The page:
Sunday, July 13, 2008

Do You Have A Medical Power Of Attorney?



Just like many other planning documents, the MEDICAL POWER OF ATTORNEY is a VERY important document to have in place.

The Medical Power of Attorney simply states the person(s) that you trust and want to make health care decisions when you cannot make them for yourself.

A Medical Power of Attorney is so important to you and to your loved ones.

Having a Medical Power of Attorney simply allows you to legally appoint a representative to act upon your behalf and to make health decisions for you. You may also choose a successor representative in the event that the first representative is unable, unwilling, or disqualified to serve in this capacity.

The Medical Power of Attorney only covers health care decisions relating to Medical treatment(s), surgical treatment(s), nursing care, medication, hospitalization, care and treatment in a nursing home, or other facility, and home health care.

The person you will appoint to this position is someone whom you, trust, believe understands your wishes and values and will act and carry out your health care decisions in the exact manor in which you would carry them out.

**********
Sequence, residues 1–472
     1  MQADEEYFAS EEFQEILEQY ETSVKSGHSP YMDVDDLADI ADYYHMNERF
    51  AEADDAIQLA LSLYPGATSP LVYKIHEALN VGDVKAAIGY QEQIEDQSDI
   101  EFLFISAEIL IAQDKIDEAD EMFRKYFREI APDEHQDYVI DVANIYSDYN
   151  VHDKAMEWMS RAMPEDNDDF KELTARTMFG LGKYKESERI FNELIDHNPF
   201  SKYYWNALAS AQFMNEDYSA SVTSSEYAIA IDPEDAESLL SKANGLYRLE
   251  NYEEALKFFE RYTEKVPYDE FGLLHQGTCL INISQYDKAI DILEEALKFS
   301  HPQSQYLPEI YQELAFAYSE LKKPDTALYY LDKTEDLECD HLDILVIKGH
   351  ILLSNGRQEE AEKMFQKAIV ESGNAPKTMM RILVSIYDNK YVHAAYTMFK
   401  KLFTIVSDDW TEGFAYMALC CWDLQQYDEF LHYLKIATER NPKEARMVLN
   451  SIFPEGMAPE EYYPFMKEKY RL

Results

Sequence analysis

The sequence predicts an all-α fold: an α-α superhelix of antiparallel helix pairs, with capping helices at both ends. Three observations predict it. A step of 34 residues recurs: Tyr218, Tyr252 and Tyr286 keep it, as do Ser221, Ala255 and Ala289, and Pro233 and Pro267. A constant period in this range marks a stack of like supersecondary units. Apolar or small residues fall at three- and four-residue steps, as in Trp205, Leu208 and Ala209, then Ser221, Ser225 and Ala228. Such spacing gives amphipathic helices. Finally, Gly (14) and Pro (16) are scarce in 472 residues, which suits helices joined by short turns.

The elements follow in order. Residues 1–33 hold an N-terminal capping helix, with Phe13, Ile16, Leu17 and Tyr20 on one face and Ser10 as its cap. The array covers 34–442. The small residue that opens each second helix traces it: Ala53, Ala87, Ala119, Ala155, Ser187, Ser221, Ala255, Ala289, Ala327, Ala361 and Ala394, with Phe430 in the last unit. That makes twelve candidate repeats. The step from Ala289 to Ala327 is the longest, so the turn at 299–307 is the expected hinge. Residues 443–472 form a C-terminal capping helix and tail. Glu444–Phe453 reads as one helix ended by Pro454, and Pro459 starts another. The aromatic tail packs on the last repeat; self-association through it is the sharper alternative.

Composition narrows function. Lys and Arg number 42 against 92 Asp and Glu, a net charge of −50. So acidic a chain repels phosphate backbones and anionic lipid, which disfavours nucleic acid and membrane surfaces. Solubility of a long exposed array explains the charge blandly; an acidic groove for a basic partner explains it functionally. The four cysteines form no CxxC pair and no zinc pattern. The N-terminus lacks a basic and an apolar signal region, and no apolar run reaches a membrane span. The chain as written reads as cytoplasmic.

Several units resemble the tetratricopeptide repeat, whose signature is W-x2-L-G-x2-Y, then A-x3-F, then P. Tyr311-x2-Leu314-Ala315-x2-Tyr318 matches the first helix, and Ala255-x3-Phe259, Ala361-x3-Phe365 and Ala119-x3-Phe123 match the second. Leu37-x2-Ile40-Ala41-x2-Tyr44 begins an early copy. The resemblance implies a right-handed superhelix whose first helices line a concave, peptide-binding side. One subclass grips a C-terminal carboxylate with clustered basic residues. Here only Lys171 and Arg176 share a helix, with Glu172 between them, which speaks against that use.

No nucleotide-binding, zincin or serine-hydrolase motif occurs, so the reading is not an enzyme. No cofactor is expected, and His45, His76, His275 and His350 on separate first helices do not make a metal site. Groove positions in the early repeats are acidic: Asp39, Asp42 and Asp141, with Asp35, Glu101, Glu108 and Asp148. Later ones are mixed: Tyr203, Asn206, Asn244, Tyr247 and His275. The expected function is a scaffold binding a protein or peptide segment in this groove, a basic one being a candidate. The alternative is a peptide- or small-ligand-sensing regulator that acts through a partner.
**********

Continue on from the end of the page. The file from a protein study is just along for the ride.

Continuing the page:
Like the Living Will, there typically is a place within the document for your typed or handwritten specific comments and instructions regarding the use of feeding tubes, breathing machines, cardiopulmonary resuscitation, dialysis and mental health treatment if you so desire.

This document is typically only a couple pages in length and requires your signature, the signature and date of witnesses as well as a state notary.

Creating a Medical Power Of Attorney is quite simple and like a WILL and LIVING WILL, everyone should have one in place.

There are several places to obtain the living will such as www.legalzoon.com, www.uslegalforms.com, local hospitals and medical centers, etc.

I am not an attorney and do not claim to be offering any form of legal advice regarding the above mentioned topic. This information is to be used as a resource to assist in your portfolio of planning documents. For legal advice seek out an attorney.

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